ForceCompleteChainValidationForTrusted forces a complete chain validation for trusted certificates.
ForceRevocationCheckForRoot forces a revocation check for root certificates.
Switch on OfflineMode to perform validation without contacting any online revocation sources.
All revocation elements and certificates are expected to be fed to the validator via AddKnownXXX() methods for this mode to work.
RevocationMomentGracePeriod specifies the period of time allowed between OCSP response or CRL expiration time and the validation moment.
Please, do not switch the ImplicitlyTrustSelfSignedCertificates property on unless for debug purposes.
It makes the validator trust all self-signed certificates, which is extremely dangerous.
RevocationCheckPreference sets the order of revocation checks.
For your convenience, the following Validate() methods are provided:
void Validate(TElX509Certificate certificate, TElCustomCertStorage additionalCertificates, bool completeChainValidation, bool validationMoment, ref TSBCertificateValidity validity, ref TSBCertificateValidityReason reason);
void Validate(TElX509Certificate certificate, TSBCertificateValidity validity, ref TSBCertificateValidityReason reason);
void ValidateForSMIME(TElX509Certificate certificate, string eMailAddress, TElCustomCertStorage additionalCertificates, bool completeChainValidation, bool validationMoment, ref TSBCertificateValidity validity, ref TSBCertificateValidityReason reason);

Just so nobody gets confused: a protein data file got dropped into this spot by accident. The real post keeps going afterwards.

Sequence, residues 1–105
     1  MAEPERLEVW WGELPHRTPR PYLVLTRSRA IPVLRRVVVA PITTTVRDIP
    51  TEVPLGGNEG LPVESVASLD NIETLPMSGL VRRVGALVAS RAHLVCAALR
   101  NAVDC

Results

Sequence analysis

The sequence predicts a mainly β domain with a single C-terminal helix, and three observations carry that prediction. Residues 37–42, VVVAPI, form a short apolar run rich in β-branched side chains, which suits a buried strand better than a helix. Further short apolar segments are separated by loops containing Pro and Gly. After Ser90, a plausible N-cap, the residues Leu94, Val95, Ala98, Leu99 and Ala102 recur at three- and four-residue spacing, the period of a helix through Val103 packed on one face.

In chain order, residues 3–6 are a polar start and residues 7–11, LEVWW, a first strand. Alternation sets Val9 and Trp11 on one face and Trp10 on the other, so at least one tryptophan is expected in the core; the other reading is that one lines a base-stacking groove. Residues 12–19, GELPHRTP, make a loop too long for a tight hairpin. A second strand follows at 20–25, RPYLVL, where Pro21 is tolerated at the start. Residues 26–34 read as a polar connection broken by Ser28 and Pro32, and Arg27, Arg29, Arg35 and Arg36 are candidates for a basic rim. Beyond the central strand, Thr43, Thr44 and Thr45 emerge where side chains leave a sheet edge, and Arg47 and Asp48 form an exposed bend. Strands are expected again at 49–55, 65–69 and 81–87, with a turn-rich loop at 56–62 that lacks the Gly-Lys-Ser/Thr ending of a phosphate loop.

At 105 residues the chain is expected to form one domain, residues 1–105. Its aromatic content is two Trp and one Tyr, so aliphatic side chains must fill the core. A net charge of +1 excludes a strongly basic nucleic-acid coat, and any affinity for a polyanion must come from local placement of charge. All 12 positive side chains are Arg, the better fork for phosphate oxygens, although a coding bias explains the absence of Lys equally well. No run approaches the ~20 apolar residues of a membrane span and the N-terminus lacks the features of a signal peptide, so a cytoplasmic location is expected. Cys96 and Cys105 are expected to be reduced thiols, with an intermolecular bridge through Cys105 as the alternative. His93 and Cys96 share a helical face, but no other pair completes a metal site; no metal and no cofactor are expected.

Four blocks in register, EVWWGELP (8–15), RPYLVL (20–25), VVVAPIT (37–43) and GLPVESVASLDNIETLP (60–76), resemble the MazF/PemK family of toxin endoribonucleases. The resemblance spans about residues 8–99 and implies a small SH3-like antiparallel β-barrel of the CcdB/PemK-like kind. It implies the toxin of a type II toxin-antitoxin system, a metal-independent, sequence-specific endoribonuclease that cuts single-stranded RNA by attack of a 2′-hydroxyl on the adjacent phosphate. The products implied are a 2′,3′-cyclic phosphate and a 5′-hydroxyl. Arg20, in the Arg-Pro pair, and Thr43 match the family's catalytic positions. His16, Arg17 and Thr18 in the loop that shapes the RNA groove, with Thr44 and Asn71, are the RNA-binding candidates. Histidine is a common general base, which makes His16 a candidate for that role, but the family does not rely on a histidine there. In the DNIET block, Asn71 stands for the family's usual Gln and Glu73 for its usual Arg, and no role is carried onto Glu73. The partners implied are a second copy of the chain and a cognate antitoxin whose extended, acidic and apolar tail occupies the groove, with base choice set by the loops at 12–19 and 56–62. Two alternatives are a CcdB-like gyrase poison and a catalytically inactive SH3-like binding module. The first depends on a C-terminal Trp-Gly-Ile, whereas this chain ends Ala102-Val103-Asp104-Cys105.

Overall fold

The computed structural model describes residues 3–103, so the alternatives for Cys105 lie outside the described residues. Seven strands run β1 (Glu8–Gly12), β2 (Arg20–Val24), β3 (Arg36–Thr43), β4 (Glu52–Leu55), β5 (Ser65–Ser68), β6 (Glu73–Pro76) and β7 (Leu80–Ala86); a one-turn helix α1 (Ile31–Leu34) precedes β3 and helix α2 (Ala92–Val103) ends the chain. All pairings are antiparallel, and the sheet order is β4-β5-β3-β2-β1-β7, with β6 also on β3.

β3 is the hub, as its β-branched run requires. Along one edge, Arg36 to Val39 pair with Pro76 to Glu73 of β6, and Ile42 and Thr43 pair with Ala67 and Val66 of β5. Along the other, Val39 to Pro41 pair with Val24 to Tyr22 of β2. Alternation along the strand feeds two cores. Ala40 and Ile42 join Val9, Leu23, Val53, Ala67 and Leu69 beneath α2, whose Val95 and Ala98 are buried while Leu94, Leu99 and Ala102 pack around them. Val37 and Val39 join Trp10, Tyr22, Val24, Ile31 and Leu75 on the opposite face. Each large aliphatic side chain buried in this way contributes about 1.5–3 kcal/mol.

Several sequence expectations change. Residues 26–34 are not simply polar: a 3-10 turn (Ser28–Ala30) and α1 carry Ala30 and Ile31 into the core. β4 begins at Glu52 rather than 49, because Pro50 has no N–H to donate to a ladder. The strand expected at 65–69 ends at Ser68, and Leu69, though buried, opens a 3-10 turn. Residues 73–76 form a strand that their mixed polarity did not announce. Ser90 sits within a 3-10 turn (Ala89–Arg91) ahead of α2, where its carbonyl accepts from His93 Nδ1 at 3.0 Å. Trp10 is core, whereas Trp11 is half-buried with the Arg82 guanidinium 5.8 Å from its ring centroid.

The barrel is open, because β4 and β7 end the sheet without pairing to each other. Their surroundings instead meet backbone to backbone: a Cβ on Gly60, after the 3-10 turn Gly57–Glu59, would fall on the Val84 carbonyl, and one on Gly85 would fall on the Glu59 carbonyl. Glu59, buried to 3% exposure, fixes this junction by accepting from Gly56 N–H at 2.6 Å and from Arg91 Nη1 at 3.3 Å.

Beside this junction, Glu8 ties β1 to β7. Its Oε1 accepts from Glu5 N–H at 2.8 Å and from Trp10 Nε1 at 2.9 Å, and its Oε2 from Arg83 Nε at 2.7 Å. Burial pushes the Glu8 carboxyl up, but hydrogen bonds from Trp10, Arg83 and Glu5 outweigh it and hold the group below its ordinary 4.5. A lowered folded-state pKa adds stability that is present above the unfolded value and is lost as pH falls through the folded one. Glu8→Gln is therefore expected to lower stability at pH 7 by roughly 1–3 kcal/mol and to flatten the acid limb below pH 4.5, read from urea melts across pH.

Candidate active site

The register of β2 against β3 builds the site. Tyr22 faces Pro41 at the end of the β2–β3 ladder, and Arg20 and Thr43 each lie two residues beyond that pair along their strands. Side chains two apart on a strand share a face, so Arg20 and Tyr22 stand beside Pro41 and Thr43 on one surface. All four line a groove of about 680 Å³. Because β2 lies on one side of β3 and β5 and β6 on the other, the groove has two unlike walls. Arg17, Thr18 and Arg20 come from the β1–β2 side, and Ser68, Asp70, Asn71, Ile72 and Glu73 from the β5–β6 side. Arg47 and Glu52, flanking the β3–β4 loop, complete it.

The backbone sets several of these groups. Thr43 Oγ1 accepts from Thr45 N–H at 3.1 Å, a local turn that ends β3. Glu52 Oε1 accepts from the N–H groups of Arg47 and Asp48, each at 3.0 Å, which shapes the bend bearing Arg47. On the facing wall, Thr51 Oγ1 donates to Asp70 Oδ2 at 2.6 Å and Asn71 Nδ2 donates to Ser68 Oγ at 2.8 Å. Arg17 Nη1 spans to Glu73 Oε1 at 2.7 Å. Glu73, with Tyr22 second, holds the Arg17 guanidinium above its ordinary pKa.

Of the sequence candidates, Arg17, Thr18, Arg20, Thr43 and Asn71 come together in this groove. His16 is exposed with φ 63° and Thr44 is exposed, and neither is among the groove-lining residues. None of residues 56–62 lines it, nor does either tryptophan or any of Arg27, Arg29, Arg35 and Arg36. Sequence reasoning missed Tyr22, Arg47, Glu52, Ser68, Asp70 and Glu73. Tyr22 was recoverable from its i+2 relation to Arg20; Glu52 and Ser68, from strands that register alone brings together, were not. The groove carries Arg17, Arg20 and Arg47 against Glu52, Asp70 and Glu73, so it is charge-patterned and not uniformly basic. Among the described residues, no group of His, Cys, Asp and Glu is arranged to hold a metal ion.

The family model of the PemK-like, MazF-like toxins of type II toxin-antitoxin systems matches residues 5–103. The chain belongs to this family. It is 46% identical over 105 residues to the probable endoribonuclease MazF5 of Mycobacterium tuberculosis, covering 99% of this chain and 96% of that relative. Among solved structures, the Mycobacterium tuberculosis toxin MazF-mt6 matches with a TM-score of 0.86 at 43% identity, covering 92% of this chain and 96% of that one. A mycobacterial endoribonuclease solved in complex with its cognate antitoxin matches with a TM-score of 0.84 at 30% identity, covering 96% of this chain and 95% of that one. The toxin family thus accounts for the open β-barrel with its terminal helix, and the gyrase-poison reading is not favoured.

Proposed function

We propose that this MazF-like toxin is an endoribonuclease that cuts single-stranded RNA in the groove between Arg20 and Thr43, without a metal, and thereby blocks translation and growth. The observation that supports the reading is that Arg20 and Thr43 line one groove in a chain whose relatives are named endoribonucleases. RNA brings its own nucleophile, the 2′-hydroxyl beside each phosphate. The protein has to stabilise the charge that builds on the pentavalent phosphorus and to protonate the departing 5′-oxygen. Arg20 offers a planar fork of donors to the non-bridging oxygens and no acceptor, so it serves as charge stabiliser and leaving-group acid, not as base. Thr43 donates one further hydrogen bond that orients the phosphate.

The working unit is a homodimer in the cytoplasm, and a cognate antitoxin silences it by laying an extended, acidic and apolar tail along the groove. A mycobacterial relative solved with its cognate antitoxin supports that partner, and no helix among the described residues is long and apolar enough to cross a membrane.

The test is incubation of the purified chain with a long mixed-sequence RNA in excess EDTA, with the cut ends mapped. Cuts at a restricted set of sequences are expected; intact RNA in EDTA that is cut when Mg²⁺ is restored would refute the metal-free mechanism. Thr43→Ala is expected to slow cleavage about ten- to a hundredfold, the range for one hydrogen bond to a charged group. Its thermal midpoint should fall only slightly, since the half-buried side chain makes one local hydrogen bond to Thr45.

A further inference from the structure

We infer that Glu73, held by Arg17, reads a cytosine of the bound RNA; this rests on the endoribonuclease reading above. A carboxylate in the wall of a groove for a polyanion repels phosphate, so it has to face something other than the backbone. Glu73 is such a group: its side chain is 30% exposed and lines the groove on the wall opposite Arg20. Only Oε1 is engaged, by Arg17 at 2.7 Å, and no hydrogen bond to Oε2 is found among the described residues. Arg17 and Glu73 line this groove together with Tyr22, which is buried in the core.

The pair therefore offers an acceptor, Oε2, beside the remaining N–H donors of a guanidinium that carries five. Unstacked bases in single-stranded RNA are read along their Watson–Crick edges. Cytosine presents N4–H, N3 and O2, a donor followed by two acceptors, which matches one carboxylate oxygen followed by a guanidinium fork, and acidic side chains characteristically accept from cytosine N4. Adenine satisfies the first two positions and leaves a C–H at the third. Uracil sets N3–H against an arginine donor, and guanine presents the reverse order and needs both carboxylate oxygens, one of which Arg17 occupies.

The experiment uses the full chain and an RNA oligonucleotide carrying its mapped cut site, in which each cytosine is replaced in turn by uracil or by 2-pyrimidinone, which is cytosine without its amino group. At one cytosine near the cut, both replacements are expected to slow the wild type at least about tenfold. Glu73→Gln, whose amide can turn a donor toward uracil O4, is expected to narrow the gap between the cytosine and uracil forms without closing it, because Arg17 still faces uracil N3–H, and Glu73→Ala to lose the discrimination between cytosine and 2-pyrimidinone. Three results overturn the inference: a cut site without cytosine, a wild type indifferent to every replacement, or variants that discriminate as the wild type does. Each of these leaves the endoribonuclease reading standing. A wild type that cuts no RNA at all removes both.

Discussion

void ValidateForSSL(TElX509Certificate certificate, string domainName, string ipAddress, TSBHostRole hostRole, TElCustomCertStorage additionalCertificates, bool completeChainValidation, bool validationMoment, ref TSBCertificateValidity validity, ref TSBCertificateValidityReason reason);
void ValidateForTimestamping(TElX509Certificate certificate, TElCustomCertStorage additionalCertificates, bool completeChainValidation, bool validationMoment, ref TSBCertificateValidity validity, ref TSBCertificateValidityReason reason);
The set of parameters is essentially the same, yet for SSL and S/MIME modes some additional protocol-related parameters are required.
The meaning of these parameters is best explained by the following code snippet:
"www.eldos.com", // TLS server address
"220.127.116.11", // TLS server IP address
TSBHostRole.hrServer, // TLS endpoint role (server)
chain, // additional certificates = chain provided by the server
true, // yes, we need to validate the whole chain
DateTime.UtcNow, // and the validation moment is current time
Validate() methods return the validation result via two by-reference parameters, validity
parameter indicates general certificate status (cvOk, cvSelfSigned, cvInvalid, cvStorageError, cvChainUnvalidated).
parameter provides more details about the reason for validation failure (vrBadData, vrRevoked, vrNotYetValid, vrExpired, vrInvalidSignature, vrUnknownCA, vrCAUnauthorized, vrCRLNotVerified, vrOCSPNotVerified, vrIdentityMismatch, vrNoKeyUsage, vrBlocked).
Validation process is complicated and depends on a number of external parties.
Sometimes finding out the reason of a particular validation failure might be rather challenging.
For convenience, TElX509CertificateValidator keeps a detailed textual of its operations.
The log can be accessed via the TElX509CertificateValidator.InternalLogger.Log.Text property.
How To articles about TElX509CertificateValidator